Performance and Battery
General usage is mostly trouble-free and smooth. Windows Phone has a strong reputation for performing well on both high and low-end phones, and that reputation is still intact with the 640. There was the odd occasion, like when the phone was busy, that it showed signs of lag or stutter when switching between screens and apps or scrolling through lists. For the most part, though, it was quick and smooth.
And it’s no surprise. The ever impressive Snapdragon 400 quad-core 1.2GHz chip is what’s powering the Lumia 640 and alongside 1GB RAM, it’s plenty. The only times I noticed it being a little slow was loading web content and games. Touch screen responsiveness is good too.
If there’s one area of this device that’s remarkably good, it’s the battery life. Obviously, this depends entirely on your usage, but with 2500mAh capacity, the removable battery might even get you past two days of moderate use on a single charge. With around nine hours of video playback, the Lumia 640 is super efficient and has as much battery juice as a Galaxy S6.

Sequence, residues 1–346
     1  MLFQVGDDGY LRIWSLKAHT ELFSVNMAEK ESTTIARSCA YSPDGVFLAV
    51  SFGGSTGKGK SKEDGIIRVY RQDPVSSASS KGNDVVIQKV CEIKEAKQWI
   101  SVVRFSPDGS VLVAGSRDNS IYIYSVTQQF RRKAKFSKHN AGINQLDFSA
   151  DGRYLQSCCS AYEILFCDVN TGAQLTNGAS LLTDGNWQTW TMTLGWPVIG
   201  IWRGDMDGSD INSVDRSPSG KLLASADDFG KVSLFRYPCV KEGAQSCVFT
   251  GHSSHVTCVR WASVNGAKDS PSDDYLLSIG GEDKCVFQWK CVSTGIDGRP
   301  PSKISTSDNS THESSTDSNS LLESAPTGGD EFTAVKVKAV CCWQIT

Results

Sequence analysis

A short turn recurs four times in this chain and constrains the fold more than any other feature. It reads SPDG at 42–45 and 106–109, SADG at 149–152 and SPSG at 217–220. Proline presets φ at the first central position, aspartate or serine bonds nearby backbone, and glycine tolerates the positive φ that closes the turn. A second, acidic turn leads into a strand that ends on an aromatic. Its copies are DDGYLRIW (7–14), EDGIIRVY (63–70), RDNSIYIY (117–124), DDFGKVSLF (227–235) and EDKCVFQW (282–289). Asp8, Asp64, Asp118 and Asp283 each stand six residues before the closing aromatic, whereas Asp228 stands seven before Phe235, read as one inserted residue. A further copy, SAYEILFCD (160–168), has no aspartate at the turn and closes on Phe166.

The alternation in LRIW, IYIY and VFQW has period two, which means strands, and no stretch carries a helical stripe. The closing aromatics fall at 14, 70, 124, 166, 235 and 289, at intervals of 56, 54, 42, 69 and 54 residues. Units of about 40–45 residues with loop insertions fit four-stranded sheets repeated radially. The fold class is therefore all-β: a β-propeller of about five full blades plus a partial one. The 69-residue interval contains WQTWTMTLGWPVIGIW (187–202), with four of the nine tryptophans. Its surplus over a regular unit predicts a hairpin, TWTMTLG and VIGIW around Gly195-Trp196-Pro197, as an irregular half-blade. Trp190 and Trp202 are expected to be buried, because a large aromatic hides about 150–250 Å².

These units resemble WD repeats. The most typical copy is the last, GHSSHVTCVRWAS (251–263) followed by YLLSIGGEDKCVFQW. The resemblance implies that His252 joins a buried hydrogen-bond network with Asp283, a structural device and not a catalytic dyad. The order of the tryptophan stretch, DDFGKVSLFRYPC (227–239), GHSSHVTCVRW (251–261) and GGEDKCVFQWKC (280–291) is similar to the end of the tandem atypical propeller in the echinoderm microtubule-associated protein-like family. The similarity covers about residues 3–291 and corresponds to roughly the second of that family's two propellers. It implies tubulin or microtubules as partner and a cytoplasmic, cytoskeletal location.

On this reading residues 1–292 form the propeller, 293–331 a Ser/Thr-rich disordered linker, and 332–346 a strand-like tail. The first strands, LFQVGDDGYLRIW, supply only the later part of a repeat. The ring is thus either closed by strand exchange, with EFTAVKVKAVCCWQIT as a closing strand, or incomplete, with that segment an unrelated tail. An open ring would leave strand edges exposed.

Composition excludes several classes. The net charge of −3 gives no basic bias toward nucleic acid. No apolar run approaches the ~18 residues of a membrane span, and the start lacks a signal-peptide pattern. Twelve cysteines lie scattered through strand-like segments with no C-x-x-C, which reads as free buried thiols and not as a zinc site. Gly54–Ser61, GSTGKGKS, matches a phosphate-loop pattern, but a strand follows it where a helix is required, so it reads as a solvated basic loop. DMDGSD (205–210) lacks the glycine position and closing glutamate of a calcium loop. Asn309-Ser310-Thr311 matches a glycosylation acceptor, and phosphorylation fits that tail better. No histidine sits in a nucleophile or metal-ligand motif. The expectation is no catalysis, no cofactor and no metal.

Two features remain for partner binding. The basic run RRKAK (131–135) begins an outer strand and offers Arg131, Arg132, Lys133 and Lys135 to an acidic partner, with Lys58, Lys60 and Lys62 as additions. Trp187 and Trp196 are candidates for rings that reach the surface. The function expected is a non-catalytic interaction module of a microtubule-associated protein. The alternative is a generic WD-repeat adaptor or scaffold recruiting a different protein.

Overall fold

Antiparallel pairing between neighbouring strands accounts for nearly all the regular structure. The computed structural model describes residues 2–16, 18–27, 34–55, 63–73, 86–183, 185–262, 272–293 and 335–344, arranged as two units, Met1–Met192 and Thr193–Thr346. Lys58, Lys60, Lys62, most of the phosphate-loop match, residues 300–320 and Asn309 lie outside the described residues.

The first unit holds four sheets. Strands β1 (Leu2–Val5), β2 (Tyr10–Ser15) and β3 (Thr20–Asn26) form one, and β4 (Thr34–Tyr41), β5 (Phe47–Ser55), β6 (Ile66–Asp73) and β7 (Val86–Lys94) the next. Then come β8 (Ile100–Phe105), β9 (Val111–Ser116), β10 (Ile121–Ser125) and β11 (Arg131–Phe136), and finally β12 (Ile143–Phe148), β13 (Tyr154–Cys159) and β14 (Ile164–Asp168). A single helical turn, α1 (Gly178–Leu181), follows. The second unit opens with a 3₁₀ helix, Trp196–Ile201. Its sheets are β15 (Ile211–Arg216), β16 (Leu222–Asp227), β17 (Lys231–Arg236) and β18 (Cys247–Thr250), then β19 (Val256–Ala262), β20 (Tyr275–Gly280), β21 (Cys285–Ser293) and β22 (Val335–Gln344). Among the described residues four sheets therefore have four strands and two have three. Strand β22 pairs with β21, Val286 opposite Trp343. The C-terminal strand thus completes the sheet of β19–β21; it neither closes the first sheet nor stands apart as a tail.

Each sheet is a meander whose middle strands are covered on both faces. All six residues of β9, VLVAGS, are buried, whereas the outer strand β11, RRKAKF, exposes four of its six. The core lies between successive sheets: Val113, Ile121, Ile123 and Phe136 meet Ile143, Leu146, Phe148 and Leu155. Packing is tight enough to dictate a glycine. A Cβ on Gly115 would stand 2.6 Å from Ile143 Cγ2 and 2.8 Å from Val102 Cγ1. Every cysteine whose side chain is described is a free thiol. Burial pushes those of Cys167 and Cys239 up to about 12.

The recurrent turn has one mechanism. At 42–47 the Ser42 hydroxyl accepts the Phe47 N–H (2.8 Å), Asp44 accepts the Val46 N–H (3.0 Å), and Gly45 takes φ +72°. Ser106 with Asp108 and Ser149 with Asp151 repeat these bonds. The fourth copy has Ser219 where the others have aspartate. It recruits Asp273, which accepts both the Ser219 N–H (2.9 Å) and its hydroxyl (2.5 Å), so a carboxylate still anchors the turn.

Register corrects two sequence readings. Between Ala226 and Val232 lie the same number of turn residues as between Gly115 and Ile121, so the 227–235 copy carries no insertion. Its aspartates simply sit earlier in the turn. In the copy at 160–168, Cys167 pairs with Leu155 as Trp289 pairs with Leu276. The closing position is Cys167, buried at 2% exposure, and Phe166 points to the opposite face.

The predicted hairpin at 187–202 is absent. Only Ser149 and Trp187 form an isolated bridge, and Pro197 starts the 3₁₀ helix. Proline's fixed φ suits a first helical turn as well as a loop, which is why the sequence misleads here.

I have reservations about the quality of its loudspeaker. It can get loud enough, but quality leaves a lot to be desired. It’s often fuzzy and unbalanced.
Microsoft has done well releasing mid and low-end phones over the past couple of years. It has cemented itself as a solid option for the budget-conscious smartphone buyer. With the Lumia 640, that reputation is even stronger. This is an incredible phone for its price point. It performs admirably and it’s almost impossible to find compromises that are bad enough to persuade you not to buy it. Right now in the UK, you can buy a Lumia 640 for for £130 unlocked. In the U.S., Cricket Wireless is selling it for $130 and T-Mobile will launch it soon. If you’re looking for a low-priced handset running Windows Phone, get the Lumia 640. It’s fantastic. It’s easy to use, reliable, smooth and comes loaded with the latest version of the OS.